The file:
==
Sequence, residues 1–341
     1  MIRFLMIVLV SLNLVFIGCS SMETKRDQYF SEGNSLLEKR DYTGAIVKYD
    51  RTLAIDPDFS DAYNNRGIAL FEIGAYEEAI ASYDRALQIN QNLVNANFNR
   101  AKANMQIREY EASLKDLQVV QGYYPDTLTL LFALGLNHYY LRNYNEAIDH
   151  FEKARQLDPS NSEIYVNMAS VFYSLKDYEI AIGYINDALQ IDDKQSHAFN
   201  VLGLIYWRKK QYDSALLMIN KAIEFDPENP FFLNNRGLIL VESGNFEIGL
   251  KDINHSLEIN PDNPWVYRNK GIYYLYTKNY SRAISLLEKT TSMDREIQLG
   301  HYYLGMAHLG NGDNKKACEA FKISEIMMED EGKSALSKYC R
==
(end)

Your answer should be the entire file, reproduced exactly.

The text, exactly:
Sequence, residues 1–341
     1  MIRFLMIVLV SLNLVFIGCS SMETKRDQYF SEGNSLLEKR DYTGAIVKYD
    51  RTLAIDPDFS DAYNNRGIAL FEIGAYEEAI ASYDRALQIN QNLVNANFNR
   101  AKANMQIREY EASLKDLQVV QGYYPDTLTL LFALGLNHYY LRNYNEAIDH
   151  FEKARQLDPS NSEIYVNMAS VFYSLKDYEI AIGYINDALQ IDDKQSHAFN
   201  VLGLIYWRKK QYDSALLMIN KAIEFDPENP FFLNNRGLIL VESGNFEIGL
   251  KDINHSLEIN PDNPWVYRNK GIYYLYTKNY SRAISLLEKT TSMDREIQLG
   301  HYYLGMAHLG NGDNKKACEA FKISEIMMED EGKSALSKYC R